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Ivory ban - where do political parties stand?

Wednesday 24 May 2017

The General Election has brought an element of political uncertainty but will allow voters to look at the policies of each party and choose who they want to lead the country for the years ahead as we leave the European Union and tackle domestic and international issues.

In Westminster, before the General Election was called, MPs twice debated the ivory market after the Government announced in September that it would consult in the coming months on plans to ban modern-day ivory sales. Contributions came from all sides and political persuasions largely to ensure a ban is in place, but with some recognising the importance of the antiques trade in the UK.  

The manifestos of the main political parties have now been released and give us and insight into how the debate could be changing.

In 2015 the Conservative party manifesto stated, “We will promote effective worldwide measures for tuna conservation, press for a total ban on ivory sales, and support the Indian Government in its efforts to protect the Asian elephant.” Two years later the 2017 edition does not reference ivory and merely states, “We will continue to lead international action against climate change, and the degradation of habitat and loss of species.”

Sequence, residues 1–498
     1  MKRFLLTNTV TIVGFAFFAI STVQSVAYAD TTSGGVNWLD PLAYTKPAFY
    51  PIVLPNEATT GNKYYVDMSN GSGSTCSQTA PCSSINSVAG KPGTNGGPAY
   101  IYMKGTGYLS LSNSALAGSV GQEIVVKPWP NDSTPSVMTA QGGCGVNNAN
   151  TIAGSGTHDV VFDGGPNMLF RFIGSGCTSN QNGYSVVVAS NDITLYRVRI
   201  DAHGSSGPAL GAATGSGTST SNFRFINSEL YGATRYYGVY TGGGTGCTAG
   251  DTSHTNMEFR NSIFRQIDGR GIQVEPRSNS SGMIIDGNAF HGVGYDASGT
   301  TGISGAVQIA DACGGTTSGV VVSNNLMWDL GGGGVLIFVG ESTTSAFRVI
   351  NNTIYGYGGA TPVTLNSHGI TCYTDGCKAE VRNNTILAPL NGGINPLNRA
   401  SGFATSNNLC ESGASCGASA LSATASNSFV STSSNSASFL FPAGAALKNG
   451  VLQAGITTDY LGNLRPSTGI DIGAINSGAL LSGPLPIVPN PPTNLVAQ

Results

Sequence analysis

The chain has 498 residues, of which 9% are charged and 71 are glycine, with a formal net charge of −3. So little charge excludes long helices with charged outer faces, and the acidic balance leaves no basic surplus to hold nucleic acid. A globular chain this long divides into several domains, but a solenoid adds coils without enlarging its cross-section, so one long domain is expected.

The Labour party’s 2015 manifesto had no reference to ivory or conservation, but now under the leadership of Jeremy Corbyn have said in their 2017 manifesto that, “We will prohibit the third-party sale of puppies, introduced and enforce a total ban on ivory trading, and support the ban on wild animals in circuses.”

The Liberal Democrats, who were part of the Coalition Government between 2010 and 2015, have pledged to, “Provide greater resources for international environmental co-operation, particularly on climate change and on actions to tackle illegal and unsustainable trade in timber, wildlife, ivory and fish.”

The phrase ‘international environmental co-operation’ sits nicely with the European Commission’s announcement on 16 May 2017 for new measures to fight poaching and end the trade in raw ivory.

Due to the terrorist attack in Manchester, at the time of writing, the Scottish National Party (SNP) have postponed the launch of their manifesto. However, SNP MPs were vocal in the recent Westminster Hall debates when the issue of ivory trade was discussed and the SNP’s 2015 manifesto said, “We will support further animal welfare measures with a global focus. This includes action to end the illegal ivory trade and protect species such as polar bears and Bluefin tuna.”

It is worth remembering that the ban announced by the Government last year will cover the sale of items containing ivory dated between 1947 and the present day. Trade in ‘worked’ items, such as works of art and ornaments dating from before 1947 (deemed ‘antiques’) will continue to be permitted.

Whilst, Brexit and Donald Trump prove that no election result is a forgone conclusion, all political commentators are predicting a Conservative victory in June. Therefore, based on the comments from Conservative MPs in the debates and the ‘removal’ of the word ivory from the Tory’s manifesto it would appear that the trade in antiques containing ivory will continue to be permitted, but more tightly controlled, with possible certification requirements and could also include rules around size and weight. 

However, we won’t know until the General Election result is declared, which could mean a new Prime Minister and or Environment Secretary. NAEA Propertymark will continue to update members as soon as information is released.